Earlier this week, we started inviting a selected group of people to try a new, free tool that we are calling “knol”, which stands for a unit of knowledge. Our goal is to encourage people who know a particular subject to write an authoritative article about it. The tool is still in development and this is just the first phase of testing. For now, using it is by invitation only. … A knol on a particular topic is meant to be the first thing someone who searches for this topic for the first time will want to read. The goal is for knols to cover all topics, from scientific concepts, to medical information, from geographical and historical, to entertainment, from product information, to how-to-fix-it instructions. Google will not serve as an editor in any way, and will not bless any content … For many topics, there will likely be competing knols on the same subject. … People will be able to submit comments, questions, edits, additional content, and so on. Anyone will be able to rate a knol or write a review of it. … Once testing is completed, participation in knols will be completely open, and we cannot expect that all of them will be of high quality. Our job in Search Quality will be to rank the knols appropriately when they appear in Google search results. We are quite experienced with ranking web pages, and we feel confident that we will be up to the challenge.

I’m waiting to see what Eszter and “Siva”: have to say about this before I can start to think in earnest about this, but given Google’s clout and resources I imagine that this project is much more likely to have legs than, say, Citizendium.

Update: See also “Nicholas Carr”:

Kenworthy and Rauchway in the blogosphere

by Henry Farrell on December 14, 2007

Two great new blogs by academics who I admire but have never met. First, Lane Kenworthy, author of many articles and a few books on the comparative politics of inequality, is now blogging at “Consider the Evidence”: This “post”:, for example, does a nice job of bringing together some of the data on economic risk (on which more soon), and looks at how the incipient credit crunch and the high number of families that already have two parents in the workforce means that lower income households simply don’t have much margin to cope any more with unexpected financial emergencies.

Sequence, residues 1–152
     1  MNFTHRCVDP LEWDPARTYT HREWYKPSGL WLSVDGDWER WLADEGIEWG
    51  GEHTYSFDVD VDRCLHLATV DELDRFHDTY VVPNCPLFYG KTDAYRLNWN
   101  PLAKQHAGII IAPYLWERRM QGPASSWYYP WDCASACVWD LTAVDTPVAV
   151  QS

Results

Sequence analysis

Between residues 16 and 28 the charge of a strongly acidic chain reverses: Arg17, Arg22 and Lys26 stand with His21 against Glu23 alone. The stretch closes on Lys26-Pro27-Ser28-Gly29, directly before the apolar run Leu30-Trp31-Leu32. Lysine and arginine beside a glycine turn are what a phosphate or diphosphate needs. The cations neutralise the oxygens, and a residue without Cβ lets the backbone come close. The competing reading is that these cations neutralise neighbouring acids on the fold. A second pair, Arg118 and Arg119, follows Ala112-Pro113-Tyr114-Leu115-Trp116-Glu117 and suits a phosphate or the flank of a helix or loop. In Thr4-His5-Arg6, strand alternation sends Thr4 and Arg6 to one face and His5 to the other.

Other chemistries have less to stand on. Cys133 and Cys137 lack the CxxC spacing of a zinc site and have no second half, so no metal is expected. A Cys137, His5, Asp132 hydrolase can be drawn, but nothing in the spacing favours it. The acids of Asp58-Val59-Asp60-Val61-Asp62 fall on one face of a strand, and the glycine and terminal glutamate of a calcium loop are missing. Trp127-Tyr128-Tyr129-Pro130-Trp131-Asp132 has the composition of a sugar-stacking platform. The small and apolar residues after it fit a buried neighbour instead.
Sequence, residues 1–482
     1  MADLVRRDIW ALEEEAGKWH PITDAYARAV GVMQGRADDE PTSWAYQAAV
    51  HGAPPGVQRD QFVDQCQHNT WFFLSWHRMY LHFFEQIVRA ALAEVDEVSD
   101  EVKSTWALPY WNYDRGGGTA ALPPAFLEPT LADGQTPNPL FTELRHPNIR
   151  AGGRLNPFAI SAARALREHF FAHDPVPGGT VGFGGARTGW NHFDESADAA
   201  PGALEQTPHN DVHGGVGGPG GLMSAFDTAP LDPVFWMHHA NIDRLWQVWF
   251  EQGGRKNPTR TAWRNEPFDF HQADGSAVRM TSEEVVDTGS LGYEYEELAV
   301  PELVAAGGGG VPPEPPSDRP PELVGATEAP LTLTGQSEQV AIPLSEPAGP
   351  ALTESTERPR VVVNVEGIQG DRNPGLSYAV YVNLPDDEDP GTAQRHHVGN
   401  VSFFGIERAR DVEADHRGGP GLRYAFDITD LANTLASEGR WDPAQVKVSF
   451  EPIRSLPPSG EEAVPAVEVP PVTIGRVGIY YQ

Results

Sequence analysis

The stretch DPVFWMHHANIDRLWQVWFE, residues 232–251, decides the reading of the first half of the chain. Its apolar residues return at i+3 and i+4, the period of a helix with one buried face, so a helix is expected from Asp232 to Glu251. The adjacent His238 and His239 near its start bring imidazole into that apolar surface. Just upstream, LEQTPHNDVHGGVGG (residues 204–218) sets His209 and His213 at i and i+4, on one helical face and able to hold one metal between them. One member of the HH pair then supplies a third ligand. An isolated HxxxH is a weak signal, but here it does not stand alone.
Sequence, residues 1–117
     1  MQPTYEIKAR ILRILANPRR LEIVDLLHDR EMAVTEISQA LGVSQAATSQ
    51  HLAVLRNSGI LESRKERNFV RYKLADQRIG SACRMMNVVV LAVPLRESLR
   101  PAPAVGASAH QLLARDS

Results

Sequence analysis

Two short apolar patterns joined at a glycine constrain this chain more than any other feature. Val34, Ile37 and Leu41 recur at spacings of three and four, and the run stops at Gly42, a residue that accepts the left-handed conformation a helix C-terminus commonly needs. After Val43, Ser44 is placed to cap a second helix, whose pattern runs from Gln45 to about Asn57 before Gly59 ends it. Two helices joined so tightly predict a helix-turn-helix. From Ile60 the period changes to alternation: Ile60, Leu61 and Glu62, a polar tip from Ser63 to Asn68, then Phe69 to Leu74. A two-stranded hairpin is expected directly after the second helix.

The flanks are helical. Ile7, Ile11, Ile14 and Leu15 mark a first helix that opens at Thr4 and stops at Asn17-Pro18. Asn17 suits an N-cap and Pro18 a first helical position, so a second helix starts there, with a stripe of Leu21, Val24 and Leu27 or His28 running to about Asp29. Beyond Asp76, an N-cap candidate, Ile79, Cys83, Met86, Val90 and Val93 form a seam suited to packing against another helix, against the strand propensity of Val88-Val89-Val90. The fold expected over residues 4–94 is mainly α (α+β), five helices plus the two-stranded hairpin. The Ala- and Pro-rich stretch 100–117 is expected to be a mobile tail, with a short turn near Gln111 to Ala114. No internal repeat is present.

households now appear to be more sensitive to serious short-run financial strains — job loss, a medical problem that results in significant cost (due to lack of health insurance or inadequate coverage), a hike in rent, a rise in mortgage payments (as a low-interest-rate adjustable mortgage rolls over). A generation ago a household could adjust to this type of event by having the second adult take a temporary job to provide extra income. During the economic boom of the late 1990s they might have been able to switch jobs in order to get a pay increase. In the past ten years they could run up credit card debt or take out a home equity loan. For many households with moderate or low incomes, these strategies are now foreclosed.

Second, Eric Rauchway at UC Davis is blogging together with Ari Kelman at “The Edge of the American West”: One of his “posts”: gets stuck into the recent “outbreak”: of the liberal bias in the academy thing in the Washington Post op-ed pages, and generates an interesting conversation in the comments section about where you can find intelligent and intellectually honest conservatives in the US. I’d add Steve Bainbridge to the people listed in the comments section; also “Clive Crook”: and Clive Davis (who I don’t follow as much as I should now that he’s at the “Spectator”: and doesn’t have his own RSS feed any more). Both of the latter are Brits, of course. Does anyone have other nominations for interesting conservatives in the blogosphere or elsewhere? Please: no need to list obvious suspects at high profile blogs like Orin Kerr, nor to state that there ain’t any such thing as an interesting honest conservative. I know that this latter view has some adherents among CT readers, but its restatement in response to questions of this sort is kinda like telling people who are troubleshooting their PCs that the obvious solution is to buy a Mac.